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    Twenty kilometers south of Sidon you reach the town of Adlun, the southernmost city of Sidonian territory. The modern place name Adlun derives from the Latin toponym, Mutatio ad Nonum, mentioned in the Bordeaux Itinerary and said to be located 18 kilometers north of Tyre.
    Like Sarafand, the ancient settlement lies under the ruins of Tell Ras Abu Zayd on the seashore, while the modern village is built on the neighboring  hills.

    The ancient name of Adlun remains a debated question. It may be the Marubbu of the annals of Esarhaddon and this name survives in the modern toponym of near-by al Maarib. In the classical period, the site was called Ornithonpolis.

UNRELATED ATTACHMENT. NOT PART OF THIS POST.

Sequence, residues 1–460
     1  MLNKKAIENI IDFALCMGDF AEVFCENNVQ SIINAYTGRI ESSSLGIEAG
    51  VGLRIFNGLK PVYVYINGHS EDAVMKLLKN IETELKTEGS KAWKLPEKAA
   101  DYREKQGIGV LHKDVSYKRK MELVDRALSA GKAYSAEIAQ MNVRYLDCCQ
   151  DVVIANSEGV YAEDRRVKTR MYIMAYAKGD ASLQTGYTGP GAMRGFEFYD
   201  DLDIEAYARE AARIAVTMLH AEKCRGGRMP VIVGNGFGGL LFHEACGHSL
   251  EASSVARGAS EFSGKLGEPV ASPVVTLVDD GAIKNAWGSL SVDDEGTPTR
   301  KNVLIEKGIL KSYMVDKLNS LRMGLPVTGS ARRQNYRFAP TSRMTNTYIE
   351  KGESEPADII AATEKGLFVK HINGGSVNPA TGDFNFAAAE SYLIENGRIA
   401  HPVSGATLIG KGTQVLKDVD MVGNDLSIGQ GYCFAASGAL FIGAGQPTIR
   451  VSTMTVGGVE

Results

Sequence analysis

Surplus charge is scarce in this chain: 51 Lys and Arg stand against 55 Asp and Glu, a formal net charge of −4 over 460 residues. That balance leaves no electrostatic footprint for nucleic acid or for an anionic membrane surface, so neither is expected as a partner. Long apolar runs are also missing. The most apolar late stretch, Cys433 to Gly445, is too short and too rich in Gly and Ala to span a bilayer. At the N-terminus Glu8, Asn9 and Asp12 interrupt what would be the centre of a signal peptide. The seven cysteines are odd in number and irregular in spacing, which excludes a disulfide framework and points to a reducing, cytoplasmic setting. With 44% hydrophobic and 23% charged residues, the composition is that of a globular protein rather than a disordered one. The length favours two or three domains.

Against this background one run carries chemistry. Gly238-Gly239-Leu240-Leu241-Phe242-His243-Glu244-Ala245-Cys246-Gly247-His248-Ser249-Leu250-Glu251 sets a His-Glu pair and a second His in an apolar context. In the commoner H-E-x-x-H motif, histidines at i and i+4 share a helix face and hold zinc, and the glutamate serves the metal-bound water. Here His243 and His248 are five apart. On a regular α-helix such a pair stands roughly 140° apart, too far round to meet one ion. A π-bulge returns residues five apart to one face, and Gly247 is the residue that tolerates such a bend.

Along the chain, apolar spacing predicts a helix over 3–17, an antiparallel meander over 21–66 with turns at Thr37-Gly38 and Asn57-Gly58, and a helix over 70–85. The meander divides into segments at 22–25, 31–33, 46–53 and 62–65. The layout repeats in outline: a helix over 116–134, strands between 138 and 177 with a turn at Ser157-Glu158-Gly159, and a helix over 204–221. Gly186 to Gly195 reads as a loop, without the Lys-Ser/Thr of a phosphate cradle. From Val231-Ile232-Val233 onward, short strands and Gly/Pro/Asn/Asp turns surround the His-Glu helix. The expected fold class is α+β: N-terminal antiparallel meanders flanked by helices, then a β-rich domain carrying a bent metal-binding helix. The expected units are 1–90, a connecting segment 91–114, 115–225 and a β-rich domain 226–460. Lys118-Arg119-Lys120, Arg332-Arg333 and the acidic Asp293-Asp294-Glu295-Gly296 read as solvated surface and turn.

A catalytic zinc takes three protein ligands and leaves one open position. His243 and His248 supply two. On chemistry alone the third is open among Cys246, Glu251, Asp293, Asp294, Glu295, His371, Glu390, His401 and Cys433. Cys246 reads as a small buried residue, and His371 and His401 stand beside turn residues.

The Prehistoric Caves of Adlun.
    Adlun is one of the most famous prehistoric sites of Lebanon. A rock shelter, a deposit, as well as two caves were identified in Adlun as early as the 19th century.
The excavation of one of the caves, the so-called Mgharet al Bzez, yielded remains of human occupation from the Palaeolithic down to the Neolithic period. The cave entrance is now closed with an iron gate to protect it and is not open to the public.
    A second cave yielded remains of the Chalcolithic period. On the terraces overlooking the caves and the modern village, a Neolithic and Chalcolithic settlement was found.

The Necropolis of Adlun
    All western travellers have mentioned the large number of rock-cut tombs on the hills opposite the seashore. It is  unfortunate that these cemeteries have never been properly excavated and not even systematically surveyed.
    Most of them were robbed in antiquity. The tombs date to the first millennium B.C., from the Iron Age to the late Roman-Byzantine period. The oldest tombs have a shaft while the later ones are simple rock cavities and share the same plan: an entrance, a door leading to a square funerary chamber with loculi on three of its walls.

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